The author points out that one of the chief functions of a captive is to facilitate the efficient financing of risk within an organization. In addition, captives form part of the overall financial planning structure for a corporation; act as a shield against upswings and downturns in the commercial market; serve as a direct insurance company that issues policies to subsidiaries in a group or can serve as a reinsurance company that assumes risks behind commercial insurers.

Attorneys that represent clients within the insurance industry must remain abreast of the issues and concerns relating to the captive market so they will stand ready to counsel companies that have incorporated captives into their risk management strategy and be prepared to assist companies interested in exploring the benefits of forming a captive within an onshore U.S. domicile.

This commentary discusses the historical and financial underpinnings of the U.S. onshore captive market, reviews the captive insurance laws and regulations in the 10 largest U.S. captive domiciles (Vermont, Utah, Hawaii, South Carolina, District of Columbia, Kentucky, Nevada, Arizona, Delaware and Montana) and in two other significant jurisdictions (Tennessee and New Jersey) and, based upon the results of that analysis, speaks out in support of the captive industry's sharp response to the New York Times article.

Health Insurance at The Intersection of State and Federal Regulation: Confused Regulation of ERISA Fully Insured MEWAs by R. Dean Conlin observes that a key provision of the Affordable Care Act is the requirement that individuals either purchase minimum essential health insurance or pay a penalty ("individual mandate").  This watershed requirement has been challenged as a violation of the federal Commerce Clause.  Whether or not the ACA's individual mandate survives this challenge, large employers will likely continue to provide health insurance to their employees through self-funded plans that rely on the preemption of state insurance regulation by the Employee Retirement Income Security Act of 1974 ("ERISA").  This article first describes ERISA's preemption of state insurance regulation that would otherwise prevent large employers from being authorized to provide their employees with uniform plans of tailored health coverage.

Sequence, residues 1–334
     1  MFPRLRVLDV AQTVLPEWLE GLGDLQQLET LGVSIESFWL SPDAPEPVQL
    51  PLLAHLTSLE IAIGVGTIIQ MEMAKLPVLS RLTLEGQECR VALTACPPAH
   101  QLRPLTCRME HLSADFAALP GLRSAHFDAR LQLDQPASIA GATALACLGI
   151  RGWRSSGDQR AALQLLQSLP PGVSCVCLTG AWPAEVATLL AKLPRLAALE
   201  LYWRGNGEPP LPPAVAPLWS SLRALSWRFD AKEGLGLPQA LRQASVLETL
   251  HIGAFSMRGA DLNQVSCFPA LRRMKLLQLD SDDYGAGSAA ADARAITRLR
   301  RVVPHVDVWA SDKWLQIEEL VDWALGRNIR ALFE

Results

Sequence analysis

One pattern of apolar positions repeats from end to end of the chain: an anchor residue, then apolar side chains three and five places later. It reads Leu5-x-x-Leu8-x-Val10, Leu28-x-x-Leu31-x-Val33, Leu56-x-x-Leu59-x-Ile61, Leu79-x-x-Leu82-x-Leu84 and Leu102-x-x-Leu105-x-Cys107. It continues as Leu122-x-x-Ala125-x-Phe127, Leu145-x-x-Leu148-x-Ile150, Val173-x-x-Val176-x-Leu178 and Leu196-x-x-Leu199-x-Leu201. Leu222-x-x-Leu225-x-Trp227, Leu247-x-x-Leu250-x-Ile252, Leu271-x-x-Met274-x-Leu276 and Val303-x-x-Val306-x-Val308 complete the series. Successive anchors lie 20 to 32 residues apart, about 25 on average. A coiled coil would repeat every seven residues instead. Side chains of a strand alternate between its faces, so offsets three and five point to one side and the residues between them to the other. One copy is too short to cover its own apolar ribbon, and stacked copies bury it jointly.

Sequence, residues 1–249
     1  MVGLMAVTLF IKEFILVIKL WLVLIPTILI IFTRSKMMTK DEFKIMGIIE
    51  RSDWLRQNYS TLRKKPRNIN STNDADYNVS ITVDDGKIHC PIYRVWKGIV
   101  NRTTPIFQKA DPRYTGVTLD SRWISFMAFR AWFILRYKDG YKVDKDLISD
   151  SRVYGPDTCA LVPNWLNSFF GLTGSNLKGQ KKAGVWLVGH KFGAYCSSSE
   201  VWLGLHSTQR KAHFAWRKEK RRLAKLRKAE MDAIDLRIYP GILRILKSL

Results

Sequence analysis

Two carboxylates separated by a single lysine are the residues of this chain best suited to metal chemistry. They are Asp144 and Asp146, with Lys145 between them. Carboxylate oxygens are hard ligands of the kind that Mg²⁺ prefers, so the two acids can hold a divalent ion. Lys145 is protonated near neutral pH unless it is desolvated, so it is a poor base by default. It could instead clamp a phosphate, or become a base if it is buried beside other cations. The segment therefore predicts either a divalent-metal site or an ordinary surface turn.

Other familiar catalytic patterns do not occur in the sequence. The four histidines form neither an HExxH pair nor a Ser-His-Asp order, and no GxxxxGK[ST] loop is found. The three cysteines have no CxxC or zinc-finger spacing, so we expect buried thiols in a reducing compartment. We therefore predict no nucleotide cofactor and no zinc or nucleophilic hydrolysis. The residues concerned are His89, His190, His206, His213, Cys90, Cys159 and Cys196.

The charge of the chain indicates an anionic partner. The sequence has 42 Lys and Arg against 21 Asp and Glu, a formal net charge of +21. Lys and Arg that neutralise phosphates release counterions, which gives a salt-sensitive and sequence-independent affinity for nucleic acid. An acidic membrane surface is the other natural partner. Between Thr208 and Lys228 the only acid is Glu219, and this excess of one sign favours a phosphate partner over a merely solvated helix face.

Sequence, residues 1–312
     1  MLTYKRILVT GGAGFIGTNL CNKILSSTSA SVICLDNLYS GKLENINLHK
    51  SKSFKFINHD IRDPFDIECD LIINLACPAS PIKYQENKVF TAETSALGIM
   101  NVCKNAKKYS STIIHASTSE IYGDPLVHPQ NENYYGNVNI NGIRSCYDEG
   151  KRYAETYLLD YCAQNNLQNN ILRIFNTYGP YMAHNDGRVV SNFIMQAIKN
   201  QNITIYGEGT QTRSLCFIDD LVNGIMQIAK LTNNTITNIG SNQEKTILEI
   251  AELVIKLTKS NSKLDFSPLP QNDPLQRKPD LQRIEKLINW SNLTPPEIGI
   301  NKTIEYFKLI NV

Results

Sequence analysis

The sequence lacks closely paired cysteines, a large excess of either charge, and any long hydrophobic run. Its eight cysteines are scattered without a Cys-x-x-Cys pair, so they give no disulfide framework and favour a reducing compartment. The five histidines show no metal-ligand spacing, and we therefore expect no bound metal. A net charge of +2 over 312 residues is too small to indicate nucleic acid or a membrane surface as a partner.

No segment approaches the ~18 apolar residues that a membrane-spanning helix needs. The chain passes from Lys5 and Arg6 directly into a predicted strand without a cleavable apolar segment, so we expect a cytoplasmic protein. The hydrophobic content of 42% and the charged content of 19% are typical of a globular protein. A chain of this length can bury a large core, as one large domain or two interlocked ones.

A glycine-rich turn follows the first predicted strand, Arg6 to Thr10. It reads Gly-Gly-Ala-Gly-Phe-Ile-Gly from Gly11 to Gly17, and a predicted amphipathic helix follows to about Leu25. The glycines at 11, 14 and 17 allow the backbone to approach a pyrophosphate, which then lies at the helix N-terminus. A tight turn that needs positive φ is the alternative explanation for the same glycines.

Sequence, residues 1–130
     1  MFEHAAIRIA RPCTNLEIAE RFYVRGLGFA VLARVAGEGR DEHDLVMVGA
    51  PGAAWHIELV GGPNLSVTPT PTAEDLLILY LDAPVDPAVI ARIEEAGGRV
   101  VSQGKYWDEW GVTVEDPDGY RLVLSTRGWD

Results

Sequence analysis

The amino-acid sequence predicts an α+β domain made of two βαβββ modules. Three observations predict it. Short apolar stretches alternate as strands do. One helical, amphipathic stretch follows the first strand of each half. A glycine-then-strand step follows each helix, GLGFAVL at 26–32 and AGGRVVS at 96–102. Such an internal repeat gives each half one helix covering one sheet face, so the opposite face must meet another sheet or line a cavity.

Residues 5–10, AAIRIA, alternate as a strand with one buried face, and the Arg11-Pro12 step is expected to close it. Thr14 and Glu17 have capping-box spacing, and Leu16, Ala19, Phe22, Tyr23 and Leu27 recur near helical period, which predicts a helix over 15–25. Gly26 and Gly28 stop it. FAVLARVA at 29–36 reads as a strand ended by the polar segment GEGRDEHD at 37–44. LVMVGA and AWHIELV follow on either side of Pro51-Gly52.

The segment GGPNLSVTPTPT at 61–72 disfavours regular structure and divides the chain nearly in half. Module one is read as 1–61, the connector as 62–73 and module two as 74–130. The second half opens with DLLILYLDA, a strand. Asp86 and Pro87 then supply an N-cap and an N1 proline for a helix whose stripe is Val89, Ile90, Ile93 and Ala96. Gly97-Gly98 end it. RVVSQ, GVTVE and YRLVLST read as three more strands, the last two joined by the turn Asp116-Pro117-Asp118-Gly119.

The article next explains that small employers have long struggled to provide similar self-funded health plans.  For the past decade, Congress has considered, but not passed, association health plan legislation that would permit small employers to group together through trade and professional associations, either to purchase health insurance from commercial insurers or to provide their own coverage through self-funding.  At the present time, however, without any further Congressional action, a form of association or multiple employer health plan could be provided nationwide pursuant to ERISA.

This article carefully examines the fully insured, multiple employer welfare arrangement ("fully insured MEWA") authorized by ERISA.  While exploring the intersection of state and federal insurance regulation, the article dissects confusing opinions issued by the Department of Labor that effectively prevent small employers from utilizing a fully insured MEWA.

For further information on this quarterly publication, including how to order a subscription to it, click here: New Appleman on Insurance: Current Critical Issues in Insurance Law.